To achieve high sensitivity of pathogen detection, both the pathogenicity-related genes and conserved genes were selected and the corresponding sequences were tiled on RPM-IVDC1. In this study, the combination of highly multiplexed PCR with resequencing array allowed for accurate detection of S. pneumoniae, K. pneumoniae, H. influenzae, and M. pneumoniae. The comparison between RPM-IVDC1 and established qRT-PCR methods demonstrated a concordance for two of two samples in K. pneumoniae, nine of 13 samples in M. pneumoniae, 12 of 13 samples in H. influenzae, and 37 of 37 samples in S. pneumoniae. Among the inconsistent results, one sample that was negative for M. pneumoniae by qRT-PCR was detected in microarray analysis and confirmed by mycoplasma culture. The disagreement over one sample in H. influenzae and five samples in M. pneumoniae identification may have resulted from the differences in sensitivity and specificity of the two methods.
The RPM-IVDC1 assay maintained coverage of a large number of pathogens. Due to this advantage, some uncommon types of Haemophilus spp., Streptococcus spp., and Neisseria spp. were identified. As an example, the targeted sequence of adenylate cyclase (adk) gene could be used to identify H. influenzae by the sequence alignment, while the targeted sequence of outer membrane protein (skp) gene could be used to detect Haemophilus spp. at species-level. The specific qRT-PCR confirmed 12 of 14 RPM-positive results for H. influenzae which might be the causative agents of CAP (Barnes et al., 1987) and was of particular importance for respiratory infections in children (Nascimento-Carvalho, 2001). Haemophilus parainfluenzae and Haemophilus haemolyticus, the other two types of Haemophilus spp., were commonly considered as commensals colonizing the upper respiratory tract asymptomatically (Mukundan et al., 2007; Murphy et al., 2007). However, recent data suggested that occasional clinical disease might be caused by the two intimately related species of H. influenzae (Pillai et al., 2000; Anderson et al., 2012). A similar situation occurred in the detection of Neisseria spp. where only species-level identification could be achieved by RPM-IVDC1. Interestingly, the Neisseria spp. positive results were mainly found among children aged less than 5 years (9/16). Among the children aged under 2 years, the detection rate was highest (38.5%, 5/13), which was similar to the carriage prevalence of Neisseria lactamica, a N. meningitides related species but living as harmless commensal (Kristiansen et al., 2012). Although RPM-IVDC1 could not identify these organisms at type-level, the species detection information may be valuable for further analysis in the context of outbreak investigation.
The wide coverage of respiratory pathogens by RPM-IVDC1 assay enabled it an ideal tool for real-world diagnostics and surveillance. Besides the pathogens that were frequently detected in the upper airways (e.g., S. pneumoniae, H. influenzae), some well-recognized causes of CAP but rarely found in NPAs were detected by RPM-IVDC1. The detection of these atypical bacteria (e.g., M. pneumoniae, K. pneumoniae) might be of great predictive value for diagnosing the etiologic agent, which had an essential role in guiding the development of treatment and prevention strategies. K. pneumoniae has been a recognized cause of bacterial pneumonia since its discovery (Ko et al., 2002), but the incidence of community-acquired Klebsiella pneumonia has apparently declined in China in recent years (Liu et al., 2006). The detection of K. pneumoniae in the upper respiratory tract may help the etiologic diagnosis and thus initiate most appropriate and effective therapy in the context of pneumonia. In this study, a total of two samples were identified as K. pneumoniae positive by the alignment of two housekeeping loci sequences, fumC and mdh, which indicated the possibility of Klebsiella pneumonia. The subsequent specific real-time confirmed a Klebsiella pneumoniae carbapenemases (KPCs)-positive strain from a 53 years old CAP patient. The combination of RPM-IVDC1 result and antibiotic resistance test would be helpful for clinical therapy.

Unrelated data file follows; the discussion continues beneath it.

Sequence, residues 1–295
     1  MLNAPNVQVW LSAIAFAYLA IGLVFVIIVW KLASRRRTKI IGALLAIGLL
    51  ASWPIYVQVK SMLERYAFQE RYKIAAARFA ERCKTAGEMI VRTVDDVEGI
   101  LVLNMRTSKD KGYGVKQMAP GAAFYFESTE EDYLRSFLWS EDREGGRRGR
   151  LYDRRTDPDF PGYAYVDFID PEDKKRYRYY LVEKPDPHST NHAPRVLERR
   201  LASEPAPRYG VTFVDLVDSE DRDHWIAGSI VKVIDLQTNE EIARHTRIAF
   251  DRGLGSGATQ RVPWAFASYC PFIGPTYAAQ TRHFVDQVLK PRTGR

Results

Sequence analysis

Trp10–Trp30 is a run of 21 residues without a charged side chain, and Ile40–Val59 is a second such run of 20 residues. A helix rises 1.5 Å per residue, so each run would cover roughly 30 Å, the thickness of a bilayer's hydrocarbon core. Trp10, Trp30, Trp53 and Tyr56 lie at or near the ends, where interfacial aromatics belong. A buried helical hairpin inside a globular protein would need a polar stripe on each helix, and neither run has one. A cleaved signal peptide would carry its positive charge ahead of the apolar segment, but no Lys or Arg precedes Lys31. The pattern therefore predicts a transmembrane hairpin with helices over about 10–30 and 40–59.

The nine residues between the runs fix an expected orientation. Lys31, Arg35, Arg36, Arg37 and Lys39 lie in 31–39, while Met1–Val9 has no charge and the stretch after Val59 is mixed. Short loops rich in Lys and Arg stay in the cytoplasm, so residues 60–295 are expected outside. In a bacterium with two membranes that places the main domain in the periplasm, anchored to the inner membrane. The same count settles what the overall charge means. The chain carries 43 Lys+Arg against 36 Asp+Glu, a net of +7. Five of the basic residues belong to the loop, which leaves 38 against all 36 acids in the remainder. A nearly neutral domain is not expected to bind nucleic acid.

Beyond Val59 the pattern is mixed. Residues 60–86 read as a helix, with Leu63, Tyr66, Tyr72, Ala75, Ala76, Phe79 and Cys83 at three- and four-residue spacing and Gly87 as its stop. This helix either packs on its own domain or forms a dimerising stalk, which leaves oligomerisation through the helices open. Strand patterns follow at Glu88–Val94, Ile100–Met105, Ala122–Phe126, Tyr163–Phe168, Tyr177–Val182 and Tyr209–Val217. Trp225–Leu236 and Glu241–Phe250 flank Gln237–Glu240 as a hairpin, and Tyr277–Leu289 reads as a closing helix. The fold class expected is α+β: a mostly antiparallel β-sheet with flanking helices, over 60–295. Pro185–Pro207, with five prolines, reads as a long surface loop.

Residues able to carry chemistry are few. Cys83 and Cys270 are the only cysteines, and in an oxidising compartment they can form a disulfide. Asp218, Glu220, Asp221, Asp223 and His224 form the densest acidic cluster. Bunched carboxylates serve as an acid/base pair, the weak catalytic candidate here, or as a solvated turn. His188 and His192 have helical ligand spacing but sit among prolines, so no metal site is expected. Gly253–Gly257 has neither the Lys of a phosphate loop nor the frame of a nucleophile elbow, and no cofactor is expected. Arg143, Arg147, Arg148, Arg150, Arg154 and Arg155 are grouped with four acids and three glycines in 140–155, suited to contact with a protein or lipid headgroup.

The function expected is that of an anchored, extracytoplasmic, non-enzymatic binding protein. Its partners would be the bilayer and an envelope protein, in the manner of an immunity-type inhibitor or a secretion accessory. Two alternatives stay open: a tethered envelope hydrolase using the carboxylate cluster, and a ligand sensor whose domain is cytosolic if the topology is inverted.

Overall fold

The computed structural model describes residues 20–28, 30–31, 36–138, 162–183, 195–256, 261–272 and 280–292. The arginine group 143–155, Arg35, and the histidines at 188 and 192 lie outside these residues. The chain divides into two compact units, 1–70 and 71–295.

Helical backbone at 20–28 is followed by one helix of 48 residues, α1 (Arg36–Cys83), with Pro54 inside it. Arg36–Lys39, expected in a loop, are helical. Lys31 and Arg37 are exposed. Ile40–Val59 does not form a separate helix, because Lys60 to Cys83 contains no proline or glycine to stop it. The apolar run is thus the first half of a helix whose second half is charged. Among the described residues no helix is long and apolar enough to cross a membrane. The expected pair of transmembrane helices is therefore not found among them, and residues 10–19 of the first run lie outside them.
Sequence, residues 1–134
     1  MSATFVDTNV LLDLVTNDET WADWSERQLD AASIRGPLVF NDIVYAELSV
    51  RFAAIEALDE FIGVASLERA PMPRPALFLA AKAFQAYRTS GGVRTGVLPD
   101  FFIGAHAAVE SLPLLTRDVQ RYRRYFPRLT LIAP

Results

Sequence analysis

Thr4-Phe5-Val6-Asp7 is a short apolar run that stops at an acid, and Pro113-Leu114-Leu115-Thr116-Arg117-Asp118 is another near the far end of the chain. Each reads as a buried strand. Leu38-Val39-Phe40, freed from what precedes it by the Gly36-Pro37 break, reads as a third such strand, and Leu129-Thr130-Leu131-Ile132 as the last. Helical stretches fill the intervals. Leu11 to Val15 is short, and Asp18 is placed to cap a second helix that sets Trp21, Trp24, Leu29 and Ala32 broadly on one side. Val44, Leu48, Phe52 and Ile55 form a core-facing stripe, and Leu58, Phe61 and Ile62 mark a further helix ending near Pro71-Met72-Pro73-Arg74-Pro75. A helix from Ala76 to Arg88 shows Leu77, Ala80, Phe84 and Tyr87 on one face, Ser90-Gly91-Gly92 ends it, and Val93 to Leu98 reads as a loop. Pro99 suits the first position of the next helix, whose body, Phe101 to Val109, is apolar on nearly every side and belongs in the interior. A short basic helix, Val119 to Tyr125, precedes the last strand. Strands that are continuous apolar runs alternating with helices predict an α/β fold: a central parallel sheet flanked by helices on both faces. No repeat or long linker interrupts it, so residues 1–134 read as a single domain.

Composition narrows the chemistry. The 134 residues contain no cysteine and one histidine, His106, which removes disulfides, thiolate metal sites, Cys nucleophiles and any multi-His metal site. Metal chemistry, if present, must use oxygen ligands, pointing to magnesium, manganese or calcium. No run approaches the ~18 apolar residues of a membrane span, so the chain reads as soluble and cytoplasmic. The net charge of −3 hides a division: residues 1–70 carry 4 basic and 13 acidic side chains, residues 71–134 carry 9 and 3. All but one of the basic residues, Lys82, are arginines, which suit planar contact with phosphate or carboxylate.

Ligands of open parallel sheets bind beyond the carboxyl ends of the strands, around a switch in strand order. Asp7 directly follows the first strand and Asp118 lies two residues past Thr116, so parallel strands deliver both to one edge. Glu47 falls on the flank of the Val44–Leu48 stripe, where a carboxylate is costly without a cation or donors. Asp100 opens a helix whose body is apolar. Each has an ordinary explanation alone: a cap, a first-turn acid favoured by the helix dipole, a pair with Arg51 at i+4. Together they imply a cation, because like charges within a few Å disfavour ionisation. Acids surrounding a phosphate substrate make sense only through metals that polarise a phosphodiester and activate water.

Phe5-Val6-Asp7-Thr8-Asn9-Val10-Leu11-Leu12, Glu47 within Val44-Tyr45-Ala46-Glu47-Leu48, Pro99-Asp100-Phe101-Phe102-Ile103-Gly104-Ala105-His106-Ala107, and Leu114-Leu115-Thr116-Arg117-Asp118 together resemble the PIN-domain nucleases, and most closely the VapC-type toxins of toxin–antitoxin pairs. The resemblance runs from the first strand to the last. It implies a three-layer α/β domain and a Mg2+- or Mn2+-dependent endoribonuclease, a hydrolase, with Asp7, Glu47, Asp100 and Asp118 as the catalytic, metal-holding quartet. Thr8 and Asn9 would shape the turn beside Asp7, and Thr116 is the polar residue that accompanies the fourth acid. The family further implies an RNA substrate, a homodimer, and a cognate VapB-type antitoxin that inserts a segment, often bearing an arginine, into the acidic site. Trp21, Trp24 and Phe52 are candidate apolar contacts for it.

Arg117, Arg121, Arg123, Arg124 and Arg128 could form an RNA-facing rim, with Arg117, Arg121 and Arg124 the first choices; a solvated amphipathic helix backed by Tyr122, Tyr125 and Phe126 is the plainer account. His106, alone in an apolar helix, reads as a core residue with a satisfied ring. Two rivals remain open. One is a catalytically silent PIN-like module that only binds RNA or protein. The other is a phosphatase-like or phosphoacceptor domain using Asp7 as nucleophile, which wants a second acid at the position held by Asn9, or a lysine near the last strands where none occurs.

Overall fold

An additional advantage of RPM-IVDC1 assay was the capability of acquiring the actual sequences of the detected targets. The specificity of RPM-IVDC1 could be improved by the automated alignment of target sequences by TESQ. Of the 39 ply-positive samples of which C3 score meeting the cutoff value, a total of two samples were identified as Streptococcus pseudopneumoniae, which were confirmed by qRT-PCR (Sistek et al., 2012) (data not shown). The advantage of sequence alignment avoided resulting in false-positive for S. pneumoniae. As for the Staphylococcus spp. detection, a total of 10 samples were detected positive for mecA allele, a conserved gene encoded penicillin-binding protein causing methicillin-resistant of S. aureus (MRSA). The classical mecA gene was not restricted to S. aureus but was commonly found in other Staphylococci such as, S. epidermidis, S. haemolyticus, and S. pseudintermedius (Murakami et al., 1991). Our alignment results showed that these mecA-positive samples were Staphylococcus spp. positive but non- S. aureus. The following S. aureus specific qRT-PCR confirmed the detection results of RPM-IVDC1, except for one false-positive sample. Therefore, the access to the actual sequences of the targets and automated alignment performed by TESQ could avoid false-positive and improve the specificity of RPM-IVDC1 array.